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10.5.

2003 EN Official Journal of the European Union C 112/15

Pleas in law and main arguments Finally, the Kingdom of Belgium wonders whether the regu-
lation at issue should not be annulled for infringing the Treaty
inasmuch as the regulation is based on the wrong legal basis.
The Treaty provides for a specific legal basis for Community
action in the field of employment. The enabling regulation
enabled the Council to confer on the Commission the power
to adopt actions in the field of employment; to that extent,
— Infringement of Council Regulation (EC) No 994/98, that regulation should also be declared unlawful, since it runs
hereinafter ‘the enabling regulation’. Commission Regu- counter to the provisions of the Amsterdam Treaty which does
lation (EC) No 2204/2002, hereinafter ‘the regulation at not permit any such conferment of powers by way of a
issue’, does not observe the enabling regulation in that it Council regulation.
does not attain any of the objectives relating to trans-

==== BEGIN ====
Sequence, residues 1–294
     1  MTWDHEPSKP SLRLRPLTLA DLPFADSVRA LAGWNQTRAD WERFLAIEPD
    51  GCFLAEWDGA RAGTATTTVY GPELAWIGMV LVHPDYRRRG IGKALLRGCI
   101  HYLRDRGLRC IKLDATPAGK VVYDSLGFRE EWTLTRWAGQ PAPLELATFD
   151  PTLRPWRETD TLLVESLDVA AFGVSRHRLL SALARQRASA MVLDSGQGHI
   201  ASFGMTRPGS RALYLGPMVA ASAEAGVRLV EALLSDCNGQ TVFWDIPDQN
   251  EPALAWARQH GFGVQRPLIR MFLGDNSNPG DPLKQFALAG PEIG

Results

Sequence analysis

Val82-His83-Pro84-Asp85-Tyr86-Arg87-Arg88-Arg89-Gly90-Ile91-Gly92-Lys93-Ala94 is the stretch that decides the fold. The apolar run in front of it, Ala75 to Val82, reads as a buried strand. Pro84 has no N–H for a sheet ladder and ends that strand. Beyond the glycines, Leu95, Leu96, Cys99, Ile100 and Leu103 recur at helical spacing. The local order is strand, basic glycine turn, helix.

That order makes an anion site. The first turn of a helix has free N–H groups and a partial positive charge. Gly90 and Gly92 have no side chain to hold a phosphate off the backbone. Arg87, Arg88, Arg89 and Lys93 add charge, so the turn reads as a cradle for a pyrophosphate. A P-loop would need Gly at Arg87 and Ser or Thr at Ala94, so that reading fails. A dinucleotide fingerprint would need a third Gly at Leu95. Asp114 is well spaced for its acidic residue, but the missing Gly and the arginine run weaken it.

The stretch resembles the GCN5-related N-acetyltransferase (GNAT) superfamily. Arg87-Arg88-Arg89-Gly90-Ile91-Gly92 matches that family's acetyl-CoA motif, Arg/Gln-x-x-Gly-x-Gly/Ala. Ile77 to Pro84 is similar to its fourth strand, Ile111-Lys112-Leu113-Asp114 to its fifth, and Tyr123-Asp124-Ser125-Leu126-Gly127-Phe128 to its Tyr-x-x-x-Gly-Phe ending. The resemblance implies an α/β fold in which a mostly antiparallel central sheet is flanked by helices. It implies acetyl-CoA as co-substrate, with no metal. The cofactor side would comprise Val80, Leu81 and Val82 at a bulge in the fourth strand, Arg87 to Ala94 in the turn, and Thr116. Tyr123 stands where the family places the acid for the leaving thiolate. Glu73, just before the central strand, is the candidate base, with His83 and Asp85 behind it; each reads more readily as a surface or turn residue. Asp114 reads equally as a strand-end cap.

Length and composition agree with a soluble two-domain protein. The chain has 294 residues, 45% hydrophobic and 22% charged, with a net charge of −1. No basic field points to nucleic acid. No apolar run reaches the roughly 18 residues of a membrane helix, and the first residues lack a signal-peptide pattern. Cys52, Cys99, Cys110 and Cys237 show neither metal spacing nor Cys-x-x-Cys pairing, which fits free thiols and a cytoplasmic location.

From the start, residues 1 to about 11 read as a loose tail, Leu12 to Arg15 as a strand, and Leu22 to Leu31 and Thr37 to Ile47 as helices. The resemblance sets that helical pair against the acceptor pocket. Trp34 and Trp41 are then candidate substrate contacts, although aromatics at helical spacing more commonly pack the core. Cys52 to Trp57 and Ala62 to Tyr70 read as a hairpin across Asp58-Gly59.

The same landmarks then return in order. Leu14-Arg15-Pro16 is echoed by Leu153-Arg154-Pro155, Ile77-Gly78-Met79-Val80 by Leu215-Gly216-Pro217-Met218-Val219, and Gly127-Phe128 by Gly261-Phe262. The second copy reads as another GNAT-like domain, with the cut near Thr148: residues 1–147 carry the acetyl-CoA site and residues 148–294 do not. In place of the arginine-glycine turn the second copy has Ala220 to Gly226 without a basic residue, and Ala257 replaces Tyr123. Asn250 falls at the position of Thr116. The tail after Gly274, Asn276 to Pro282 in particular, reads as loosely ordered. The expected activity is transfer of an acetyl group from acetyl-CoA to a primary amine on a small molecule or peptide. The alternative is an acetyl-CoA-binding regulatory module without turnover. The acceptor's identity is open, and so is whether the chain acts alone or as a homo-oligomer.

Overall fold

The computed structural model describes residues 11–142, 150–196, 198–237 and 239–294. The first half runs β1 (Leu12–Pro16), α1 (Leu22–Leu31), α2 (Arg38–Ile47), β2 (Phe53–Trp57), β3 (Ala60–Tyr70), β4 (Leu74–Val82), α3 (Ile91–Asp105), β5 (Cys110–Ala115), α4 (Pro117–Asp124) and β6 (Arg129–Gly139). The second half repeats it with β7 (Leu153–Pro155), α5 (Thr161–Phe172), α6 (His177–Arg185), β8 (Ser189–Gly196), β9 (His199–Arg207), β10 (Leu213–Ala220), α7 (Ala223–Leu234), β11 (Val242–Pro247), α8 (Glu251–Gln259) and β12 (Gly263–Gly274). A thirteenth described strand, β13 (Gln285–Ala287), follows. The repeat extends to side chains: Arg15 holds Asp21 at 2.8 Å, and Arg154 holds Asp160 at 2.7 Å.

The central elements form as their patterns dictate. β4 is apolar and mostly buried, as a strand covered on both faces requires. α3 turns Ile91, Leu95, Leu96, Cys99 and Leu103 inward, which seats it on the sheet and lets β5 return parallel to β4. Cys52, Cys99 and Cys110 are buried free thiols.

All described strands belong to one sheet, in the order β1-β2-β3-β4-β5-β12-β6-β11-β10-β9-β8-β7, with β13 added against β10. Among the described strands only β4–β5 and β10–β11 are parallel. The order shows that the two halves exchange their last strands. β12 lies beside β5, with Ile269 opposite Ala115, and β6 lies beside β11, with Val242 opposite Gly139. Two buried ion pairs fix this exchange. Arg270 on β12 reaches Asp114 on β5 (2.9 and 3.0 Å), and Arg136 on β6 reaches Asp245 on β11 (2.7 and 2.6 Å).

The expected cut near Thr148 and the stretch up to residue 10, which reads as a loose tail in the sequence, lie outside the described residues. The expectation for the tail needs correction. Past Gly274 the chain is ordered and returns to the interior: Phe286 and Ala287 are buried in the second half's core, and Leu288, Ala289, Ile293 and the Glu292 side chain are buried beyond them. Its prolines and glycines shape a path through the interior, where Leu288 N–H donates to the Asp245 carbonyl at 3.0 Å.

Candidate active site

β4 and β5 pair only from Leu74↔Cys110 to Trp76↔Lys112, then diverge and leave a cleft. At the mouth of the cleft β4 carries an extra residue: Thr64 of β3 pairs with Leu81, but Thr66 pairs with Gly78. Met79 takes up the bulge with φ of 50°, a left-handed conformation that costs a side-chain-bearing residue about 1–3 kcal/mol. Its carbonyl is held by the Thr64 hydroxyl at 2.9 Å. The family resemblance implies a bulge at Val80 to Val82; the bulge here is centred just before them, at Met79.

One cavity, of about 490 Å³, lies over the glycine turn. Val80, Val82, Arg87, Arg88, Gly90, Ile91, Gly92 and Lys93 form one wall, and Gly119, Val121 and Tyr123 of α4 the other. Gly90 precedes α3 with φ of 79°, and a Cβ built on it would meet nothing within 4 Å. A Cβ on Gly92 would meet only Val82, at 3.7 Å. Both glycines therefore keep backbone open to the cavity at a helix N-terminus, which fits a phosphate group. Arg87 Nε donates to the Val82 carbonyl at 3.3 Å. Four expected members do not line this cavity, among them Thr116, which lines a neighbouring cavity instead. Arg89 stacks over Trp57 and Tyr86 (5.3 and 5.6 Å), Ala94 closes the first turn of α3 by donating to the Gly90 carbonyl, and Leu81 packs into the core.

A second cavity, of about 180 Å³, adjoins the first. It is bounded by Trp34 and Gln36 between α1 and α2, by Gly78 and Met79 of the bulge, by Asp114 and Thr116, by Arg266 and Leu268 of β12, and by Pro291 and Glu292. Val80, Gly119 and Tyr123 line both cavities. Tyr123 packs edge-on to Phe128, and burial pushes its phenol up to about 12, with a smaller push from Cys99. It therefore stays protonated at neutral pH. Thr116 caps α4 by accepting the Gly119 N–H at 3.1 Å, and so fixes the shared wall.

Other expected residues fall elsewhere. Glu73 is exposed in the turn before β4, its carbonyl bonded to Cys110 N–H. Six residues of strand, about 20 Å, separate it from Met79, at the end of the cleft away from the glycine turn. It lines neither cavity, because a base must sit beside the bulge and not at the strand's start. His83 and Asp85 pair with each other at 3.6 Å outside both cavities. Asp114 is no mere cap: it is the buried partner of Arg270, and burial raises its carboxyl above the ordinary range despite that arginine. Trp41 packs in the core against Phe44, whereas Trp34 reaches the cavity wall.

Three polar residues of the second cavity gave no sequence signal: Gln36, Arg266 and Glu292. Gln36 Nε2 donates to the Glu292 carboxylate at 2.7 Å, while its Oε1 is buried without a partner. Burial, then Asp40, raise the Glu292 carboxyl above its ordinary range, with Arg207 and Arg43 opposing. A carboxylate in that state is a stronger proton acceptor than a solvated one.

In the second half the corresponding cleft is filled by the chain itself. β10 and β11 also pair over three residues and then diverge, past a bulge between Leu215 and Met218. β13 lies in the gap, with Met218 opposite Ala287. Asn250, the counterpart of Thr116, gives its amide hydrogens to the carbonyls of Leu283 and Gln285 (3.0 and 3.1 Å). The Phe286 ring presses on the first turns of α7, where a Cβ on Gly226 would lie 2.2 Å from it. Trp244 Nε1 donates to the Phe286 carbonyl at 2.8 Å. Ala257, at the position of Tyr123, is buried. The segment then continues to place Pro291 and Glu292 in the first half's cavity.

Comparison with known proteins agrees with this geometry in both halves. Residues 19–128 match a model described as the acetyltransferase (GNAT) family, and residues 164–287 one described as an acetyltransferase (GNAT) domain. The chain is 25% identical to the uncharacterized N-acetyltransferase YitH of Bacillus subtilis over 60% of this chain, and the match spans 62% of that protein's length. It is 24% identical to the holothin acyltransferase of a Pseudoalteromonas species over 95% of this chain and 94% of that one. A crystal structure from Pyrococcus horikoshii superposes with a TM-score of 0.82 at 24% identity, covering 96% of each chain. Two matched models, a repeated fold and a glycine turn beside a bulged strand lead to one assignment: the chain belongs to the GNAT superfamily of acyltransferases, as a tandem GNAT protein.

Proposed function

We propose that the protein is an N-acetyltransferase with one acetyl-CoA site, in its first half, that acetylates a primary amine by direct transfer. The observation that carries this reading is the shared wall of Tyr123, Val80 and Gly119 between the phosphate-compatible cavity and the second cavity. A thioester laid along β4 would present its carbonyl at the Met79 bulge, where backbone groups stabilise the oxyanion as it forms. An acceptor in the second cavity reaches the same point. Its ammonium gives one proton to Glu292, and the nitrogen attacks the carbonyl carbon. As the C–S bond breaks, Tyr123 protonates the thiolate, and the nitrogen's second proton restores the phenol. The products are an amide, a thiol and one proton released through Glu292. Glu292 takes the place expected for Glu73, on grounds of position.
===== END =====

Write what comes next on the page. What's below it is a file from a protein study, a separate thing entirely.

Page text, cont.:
parency and legal certainty pursued by the enabling
regulation. First, the regulation at issue is not clear as
regards the circumstances in which it applies, in view of (1 ) OJ 2002 L 337, p. 3.
(2 ) OJ 1998 L 142, p. 1.
the parallel existence of guidelines and frameworks which
the Commission can apply at the same time to aid for
employment. Secondly, the regulation at issue is not clear
either as regards the rules it contains. Finally, the lack of
clarity affects the very measures which should fall within
the scope of Article 87(1) of the EC Treaty and in respect
of which the application of the regulation is necessary.
Indeed, the regulation at issue gives the impression that it
must also be applied to measures of general scope, that is
to say, general measures adopted at regional level, when
such measures should automatically have been excluded
from the scope of Article 87(1) of the EC Treaty.
Action brought on 12 March 2003 by the Commission
of the European Communities against the Kingdom of
Sweden
— Breach of the principle of subsidiarity, by failing to take
account of the constitutional organisation prevailing in
Belgium and by therefore considering every action by a (Case C-111/03)
regional authority, which is exclusively competent in the
field of employment, as specific and thus as falling within
the scope of the regulation at issue.
(2003/C 112/25)

— Breach of the principle of non-discrimination: by main-


taining earlier aid schemes which had previously been
authorised while introducing a scheme which is altogether
An action against the Kingdom of Sweden was brought before
stricter for new aid and allowing to exist side by side two